Canyon Road gallery provides a wine backyard

31

Feb. 23—Out back at Ahmyo River Gallery, the art is moving off the wall and into the wine glass.

As the weather warms up, married owners Annette Colby and Ray Nowicki hope to have their Ahmyo Wine Garden open for Canyon Road strollers welcoming a little break, a sip of wine and a sense of the countryside.

The wine garden stretches nearly 200 feet to the Acequia Madre that crosses their property the rear boundary. Nowicki and Colby have transformed an untended tangle into a winding walkway loop of pavers.

Closer to the artwork gallery, they have created a small patio enclosed with an existing knee-high walls on one side and an outdoor see-through fireplace flanked by stacks of logs on a second side.

Beyond the fireplace is a larger patio, which will have a community table able to seat 16, opening onto a xeriscaped garden of rocks, trees, sculptures and cactus.

The couple are going through the city’s final approval process with the expect of opening in April or May.

They opened Ahmyo River Gallery in July 2019 with a notion to create some sort of gathering place in back. Then in the socially distanced summer of 2020, visitors took it upon themselves to settle in back for a snack or break.

“They would just bring their food out there and just sit down,” Nowicki recalled.

Their idea for a gathering place was being realized — even though at that time they weren’t eager to have people hanging around in back.

“It wasn’t necessarily going to be a wine garden, but it was going to be a gathering place,” Colby said.

In the past year, they considered various options. They discovered Vivác Winery in Dixon in Rio Arriba County.

“We were trying to figure out what would be the best fit,” Nowicki said. “We were coming back from Taos and said, ‘Let’s stop here.’ … They got to telling us about their winery.”

They found their own match. Ahmyo Wine Garden will be an outpost for Vivác wines.

“They like to produce wine and are laid back, kind, gentle people,” Colby said. “They do their winery out of a sense of love.”

That matched the sensibilities of Nowicki along with Colby. She is a former therapist who counseled people with eating disorders and depression. “Ahmyo” is a word Colby made up with the definition “with ease and grace.”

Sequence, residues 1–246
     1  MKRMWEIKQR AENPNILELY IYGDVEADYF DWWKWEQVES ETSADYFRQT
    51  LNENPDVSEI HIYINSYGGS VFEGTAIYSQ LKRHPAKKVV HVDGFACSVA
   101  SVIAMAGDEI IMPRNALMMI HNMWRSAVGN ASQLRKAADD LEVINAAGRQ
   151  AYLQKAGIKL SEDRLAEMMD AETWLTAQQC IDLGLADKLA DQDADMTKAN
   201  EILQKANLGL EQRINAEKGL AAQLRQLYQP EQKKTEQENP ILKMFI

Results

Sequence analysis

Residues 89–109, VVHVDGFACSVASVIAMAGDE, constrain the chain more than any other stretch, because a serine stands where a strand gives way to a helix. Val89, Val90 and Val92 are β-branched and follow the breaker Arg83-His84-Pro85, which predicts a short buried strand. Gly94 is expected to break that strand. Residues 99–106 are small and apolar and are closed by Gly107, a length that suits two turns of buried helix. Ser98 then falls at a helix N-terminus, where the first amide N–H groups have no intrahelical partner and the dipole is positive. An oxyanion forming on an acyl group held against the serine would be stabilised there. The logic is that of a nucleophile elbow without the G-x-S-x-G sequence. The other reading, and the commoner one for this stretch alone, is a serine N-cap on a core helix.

Nowicki said they strive to offer art for anyone who wants genuine art but may only be able to spend $10.

“This is a gallery without rules,” Nowicki said. “If you want to bring your dog in, go ahead.”

“You can take photos if you want,” Colby added.

They needed imagination to transform the rear portion of their property.

“It looked like a place that was just abandoned,” Nowicki said. “The place smelled like skunk.”

The property came with pear, apple and apricot trees. The couple added 29 aspens along the property line and three evergreens. They also planted 350 daffodils and 200 tulips.

An offshoot of the Acequia Madre runs toward the gallery. Nowicki lined the banks with river rock. The walkway is on both sides of the water feature, as is the rock backyard. They plan into have tables and chairs in the garden, too.

The land also came with a 20-by-11-foot shed beyond the patios that the couple outfitted with wood planks on walls and the ceiling, a wood tile floor and three small chandeliers. Colby describes it as a “French Santa Fe chateau.” Four or five tables could fit in there.

A small gallery space in the back of the main gallery will double as the “bar” with a little copper-top bar along with a few tables.

Ahmyo will serve wine by the glass or by the flight. Champagne by Gruet and beer will also be served.

“I see it as an oasis,” stated Kathy Eagan, this wine backyard’s co-manager. “It’s a beautiful place for people to come and decompress and get away from it all. It’s a nice place to stop and refresh yourself and catch your breath.”

Comments are closed.